January 19, 2006. Dallas, Texas. Jon Weiner had just turned 52. Things were finally going his way. His firm, Weiner & Associates, an engineering, planning, and environmental consulting company, had grown to more than 200 employees and $22 million in net service revenues. 2005 was the firm’s best year ever— it made a $3 million profit— and the company paid record bonuses to its employees and owners. Now, Weiner was getting ready to kick off the final phase of the 10-year plan that got him where he was. As the sole owner of a very profitable, growing company, Weiner was probably worth upwards of $15 million. But in spite of the 80-hour work weeks for the last three decades, two failed marriages, and a 25-year-old daughter who wouldn’t speak with him, that wasn’t enough. Weiner was committed to the vision of becoming a 500-person firm with offices in 10 states. Then and only then would he look seriously at the many offers to buy his firm that seemed to come in weekly. That would make his company worth at least $25 million, which, along with the $5 million or so he had already accumulated through being profitable for years and investing his proceeds in real estate, would give him a net worth of $30 million.If he could get the company where it needed to be in the next two or three years, take a year to sell it, and work another three for the new owners (at a healthy salary, he thought), he’d be only 60 and set for life. He could buy the big house in Aspen he always wanted as well as the “Plum Crazy” purple hemi ‘Cuda that he had been lusting after since he first saw one on a dealer’s lot as a 17-year-old in the summer of 1970. But, alas, it wasn’t to be. On the morning of January 20, 2006, on his way to the office, a deer ran out in front of Weiner’s white Lexus SC430. Though he avoided hitting it due to quick reflexes, the shock caused him to have a massive heart attack. Though a fellow motorist kept him alive through CPR for the 20 minutes it took for an ambulance to arrive, Jon Weiner was DOA at the North Dallas General Hospital emergency room. The suddenness of his death took everyone by surprise. Sure— he was a workaholic—everyone knew that. And he was, at 240 lbs., more than 60 pounds too heavy for man with his 5’8” frame. He didn’t really watch his diet, drank a few too many martinis over long business-related dinners, and never had time for exercise or regular trips to the doctor’s office. There were too many other things to do! Jon Weiner was really good at what he did. He was a fantastic engineer, a great motivator of other people, and a tremendously skilled entrepreneur. But he, at least in the bodily form that we all recognized, was no more. The money didn’t do him any good. Another 30 years, however, might have given him the time to patch things up with his daughter, get to know his as-of-yet unborn grandson, see Alaska in the summer, and buy an old ‘Cuda, even if not a Hemi-powered one, not to mention plan for and carry out a real management and ownership transition in his firm. The moral of the story: live each day as if it might be your last. And do what you can to make sure your time above ground isn’t any shorter than you’d like it to be!Originally published 2/13/2006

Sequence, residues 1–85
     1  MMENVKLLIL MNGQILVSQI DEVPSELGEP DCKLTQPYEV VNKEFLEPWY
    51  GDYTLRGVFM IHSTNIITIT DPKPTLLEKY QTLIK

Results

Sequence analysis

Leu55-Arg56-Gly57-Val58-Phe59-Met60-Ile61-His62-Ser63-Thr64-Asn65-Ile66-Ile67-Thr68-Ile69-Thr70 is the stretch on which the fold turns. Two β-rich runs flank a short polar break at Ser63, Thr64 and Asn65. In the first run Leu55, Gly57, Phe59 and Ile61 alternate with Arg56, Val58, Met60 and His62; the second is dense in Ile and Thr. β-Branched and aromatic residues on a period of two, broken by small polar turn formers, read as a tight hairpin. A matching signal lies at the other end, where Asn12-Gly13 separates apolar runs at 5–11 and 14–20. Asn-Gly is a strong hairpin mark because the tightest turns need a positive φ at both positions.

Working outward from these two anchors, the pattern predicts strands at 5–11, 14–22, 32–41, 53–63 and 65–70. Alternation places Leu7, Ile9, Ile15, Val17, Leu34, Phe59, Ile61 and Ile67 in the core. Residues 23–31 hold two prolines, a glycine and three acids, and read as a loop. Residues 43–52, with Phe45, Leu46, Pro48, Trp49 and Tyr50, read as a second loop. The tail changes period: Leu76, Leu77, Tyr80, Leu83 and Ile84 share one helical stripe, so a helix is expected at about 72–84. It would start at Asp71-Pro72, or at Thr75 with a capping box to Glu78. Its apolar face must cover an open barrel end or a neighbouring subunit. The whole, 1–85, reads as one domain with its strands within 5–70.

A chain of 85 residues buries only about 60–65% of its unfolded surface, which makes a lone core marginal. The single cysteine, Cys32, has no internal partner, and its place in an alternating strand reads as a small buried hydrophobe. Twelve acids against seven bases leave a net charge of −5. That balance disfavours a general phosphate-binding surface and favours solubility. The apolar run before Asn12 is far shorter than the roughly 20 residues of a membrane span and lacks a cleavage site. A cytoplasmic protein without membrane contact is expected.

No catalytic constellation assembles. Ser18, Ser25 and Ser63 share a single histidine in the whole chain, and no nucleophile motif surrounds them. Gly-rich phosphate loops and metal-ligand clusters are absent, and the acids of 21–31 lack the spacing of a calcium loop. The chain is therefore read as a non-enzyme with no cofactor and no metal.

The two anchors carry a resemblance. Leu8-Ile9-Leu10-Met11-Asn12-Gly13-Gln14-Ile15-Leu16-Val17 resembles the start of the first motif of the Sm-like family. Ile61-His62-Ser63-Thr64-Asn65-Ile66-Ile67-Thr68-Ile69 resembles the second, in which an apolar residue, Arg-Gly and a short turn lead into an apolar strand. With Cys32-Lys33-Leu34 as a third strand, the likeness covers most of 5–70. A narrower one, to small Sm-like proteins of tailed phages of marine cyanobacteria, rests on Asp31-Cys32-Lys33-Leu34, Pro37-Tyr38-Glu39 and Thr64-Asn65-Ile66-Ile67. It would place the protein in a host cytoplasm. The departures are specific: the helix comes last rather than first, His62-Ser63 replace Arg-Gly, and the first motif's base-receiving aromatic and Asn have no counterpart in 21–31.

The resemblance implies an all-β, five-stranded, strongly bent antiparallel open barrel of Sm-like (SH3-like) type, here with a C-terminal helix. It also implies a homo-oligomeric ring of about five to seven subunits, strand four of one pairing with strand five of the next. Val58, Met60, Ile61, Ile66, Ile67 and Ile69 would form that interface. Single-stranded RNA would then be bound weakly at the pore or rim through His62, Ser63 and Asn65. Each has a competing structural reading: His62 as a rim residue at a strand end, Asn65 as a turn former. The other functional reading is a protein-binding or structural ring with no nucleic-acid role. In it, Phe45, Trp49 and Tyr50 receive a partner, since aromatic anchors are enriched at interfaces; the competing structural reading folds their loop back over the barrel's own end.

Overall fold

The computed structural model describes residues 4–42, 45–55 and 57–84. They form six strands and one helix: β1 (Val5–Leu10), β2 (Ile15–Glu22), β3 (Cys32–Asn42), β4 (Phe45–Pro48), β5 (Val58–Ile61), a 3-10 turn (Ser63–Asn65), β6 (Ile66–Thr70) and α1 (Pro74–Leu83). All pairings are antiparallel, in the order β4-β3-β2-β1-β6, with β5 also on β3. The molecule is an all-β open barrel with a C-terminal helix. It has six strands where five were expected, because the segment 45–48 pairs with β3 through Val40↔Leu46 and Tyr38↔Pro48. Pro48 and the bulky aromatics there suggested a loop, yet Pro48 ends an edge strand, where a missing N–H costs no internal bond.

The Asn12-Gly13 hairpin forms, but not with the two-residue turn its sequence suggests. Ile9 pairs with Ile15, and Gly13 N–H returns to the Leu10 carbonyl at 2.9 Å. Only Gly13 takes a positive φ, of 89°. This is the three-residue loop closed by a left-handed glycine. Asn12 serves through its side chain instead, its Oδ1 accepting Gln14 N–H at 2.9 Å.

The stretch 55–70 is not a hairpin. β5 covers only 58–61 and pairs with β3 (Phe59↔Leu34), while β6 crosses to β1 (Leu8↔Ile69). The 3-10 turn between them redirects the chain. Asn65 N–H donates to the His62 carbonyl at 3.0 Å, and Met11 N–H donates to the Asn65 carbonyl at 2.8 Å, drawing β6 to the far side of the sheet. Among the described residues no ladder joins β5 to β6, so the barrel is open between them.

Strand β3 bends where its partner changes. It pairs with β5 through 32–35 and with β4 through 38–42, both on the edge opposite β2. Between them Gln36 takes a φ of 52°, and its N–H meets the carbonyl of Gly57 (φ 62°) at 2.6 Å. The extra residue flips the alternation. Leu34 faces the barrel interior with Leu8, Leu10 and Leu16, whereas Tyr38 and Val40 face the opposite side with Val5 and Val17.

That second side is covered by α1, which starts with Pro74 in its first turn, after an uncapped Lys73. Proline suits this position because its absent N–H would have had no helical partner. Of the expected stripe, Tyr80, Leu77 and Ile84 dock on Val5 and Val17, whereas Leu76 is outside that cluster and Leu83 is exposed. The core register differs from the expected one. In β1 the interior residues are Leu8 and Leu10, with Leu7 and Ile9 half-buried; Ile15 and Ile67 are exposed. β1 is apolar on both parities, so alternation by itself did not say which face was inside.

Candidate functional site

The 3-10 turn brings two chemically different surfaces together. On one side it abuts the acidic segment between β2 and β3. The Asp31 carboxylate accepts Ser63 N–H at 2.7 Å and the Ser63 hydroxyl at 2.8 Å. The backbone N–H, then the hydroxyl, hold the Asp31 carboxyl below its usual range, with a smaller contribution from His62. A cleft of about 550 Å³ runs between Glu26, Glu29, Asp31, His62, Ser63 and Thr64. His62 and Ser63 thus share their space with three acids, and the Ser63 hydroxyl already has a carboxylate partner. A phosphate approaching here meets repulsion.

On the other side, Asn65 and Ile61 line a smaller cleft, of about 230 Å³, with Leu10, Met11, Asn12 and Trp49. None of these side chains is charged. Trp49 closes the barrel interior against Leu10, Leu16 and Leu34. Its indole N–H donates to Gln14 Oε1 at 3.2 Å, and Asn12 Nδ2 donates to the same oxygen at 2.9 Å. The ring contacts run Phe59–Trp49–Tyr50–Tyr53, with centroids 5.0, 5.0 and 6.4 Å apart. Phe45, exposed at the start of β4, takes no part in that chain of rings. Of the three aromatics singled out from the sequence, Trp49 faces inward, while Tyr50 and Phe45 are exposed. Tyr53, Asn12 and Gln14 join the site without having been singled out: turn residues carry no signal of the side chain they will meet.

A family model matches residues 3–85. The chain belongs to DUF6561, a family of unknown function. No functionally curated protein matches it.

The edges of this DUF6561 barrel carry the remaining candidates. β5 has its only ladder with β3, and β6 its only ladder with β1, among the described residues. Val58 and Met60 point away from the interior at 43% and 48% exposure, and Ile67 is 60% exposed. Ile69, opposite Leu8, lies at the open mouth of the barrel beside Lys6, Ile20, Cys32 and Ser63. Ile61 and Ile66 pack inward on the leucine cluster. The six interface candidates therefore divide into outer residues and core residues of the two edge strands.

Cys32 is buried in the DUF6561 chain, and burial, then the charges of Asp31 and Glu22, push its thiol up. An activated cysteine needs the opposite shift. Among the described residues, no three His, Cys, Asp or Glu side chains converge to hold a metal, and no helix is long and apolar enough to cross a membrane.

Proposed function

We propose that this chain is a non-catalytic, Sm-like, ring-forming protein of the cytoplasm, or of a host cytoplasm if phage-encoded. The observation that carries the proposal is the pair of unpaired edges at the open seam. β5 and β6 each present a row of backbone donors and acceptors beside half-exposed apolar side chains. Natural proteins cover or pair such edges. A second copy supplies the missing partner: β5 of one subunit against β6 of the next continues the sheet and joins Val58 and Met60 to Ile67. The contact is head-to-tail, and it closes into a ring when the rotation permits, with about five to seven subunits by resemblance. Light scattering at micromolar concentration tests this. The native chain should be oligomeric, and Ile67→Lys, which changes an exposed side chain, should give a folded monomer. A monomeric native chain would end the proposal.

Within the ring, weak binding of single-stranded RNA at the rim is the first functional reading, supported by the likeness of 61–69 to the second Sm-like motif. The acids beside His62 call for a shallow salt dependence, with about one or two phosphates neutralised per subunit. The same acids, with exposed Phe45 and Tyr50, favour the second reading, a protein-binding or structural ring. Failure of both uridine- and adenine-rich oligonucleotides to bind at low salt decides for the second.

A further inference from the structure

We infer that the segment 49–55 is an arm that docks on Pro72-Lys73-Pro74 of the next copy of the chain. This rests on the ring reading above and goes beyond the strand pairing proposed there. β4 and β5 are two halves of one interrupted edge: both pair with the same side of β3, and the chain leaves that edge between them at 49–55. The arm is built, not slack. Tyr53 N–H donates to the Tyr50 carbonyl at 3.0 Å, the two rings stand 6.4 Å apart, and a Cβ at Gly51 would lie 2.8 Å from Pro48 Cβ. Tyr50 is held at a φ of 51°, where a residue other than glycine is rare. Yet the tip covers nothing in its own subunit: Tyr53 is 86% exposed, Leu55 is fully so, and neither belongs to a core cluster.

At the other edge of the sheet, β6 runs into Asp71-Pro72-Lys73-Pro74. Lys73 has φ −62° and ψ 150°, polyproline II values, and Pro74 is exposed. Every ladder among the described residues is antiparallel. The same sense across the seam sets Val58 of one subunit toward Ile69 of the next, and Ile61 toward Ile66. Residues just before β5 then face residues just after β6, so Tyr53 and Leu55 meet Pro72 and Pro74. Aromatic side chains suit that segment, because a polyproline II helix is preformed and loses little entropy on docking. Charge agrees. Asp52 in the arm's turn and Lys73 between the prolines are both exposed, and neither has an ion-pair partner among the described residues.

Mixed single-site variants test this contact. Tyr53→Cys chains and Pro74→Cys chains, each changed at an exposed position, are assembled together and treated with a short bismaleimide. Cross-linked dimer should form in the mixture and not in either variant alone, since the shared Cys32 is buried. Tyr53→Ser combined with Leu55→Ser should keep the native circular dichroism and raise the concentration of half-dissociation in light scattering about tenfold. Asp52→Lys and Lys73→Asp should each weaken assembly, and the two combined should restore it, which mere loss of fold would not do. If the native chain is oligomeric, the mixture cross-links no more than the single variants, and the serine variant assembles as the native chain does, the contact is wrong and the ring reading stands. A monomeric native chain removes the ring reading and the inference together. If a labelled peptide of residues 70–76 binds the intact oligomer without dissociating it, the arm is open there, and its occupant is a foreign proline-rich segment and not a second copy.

About Zweig Group
Zweig Group, three times on the Inc. 500/5000 list, is the industry leader and premiere authority in AEC firm management and marketing, the go-to source for data and research, and the leading provider of customized learning and training. Zweig Group exists to help AEC firms succeed in a complicated and challenging marketplace through services that include: Mergers & Acquisitions, Strategic Planning, Valuation, Executive Search, Board of Director Services, Ownership Transition, Marketing & Branding, and Business Development Training. The firm has offices in Dallas and Fayetteville, Arkansas.
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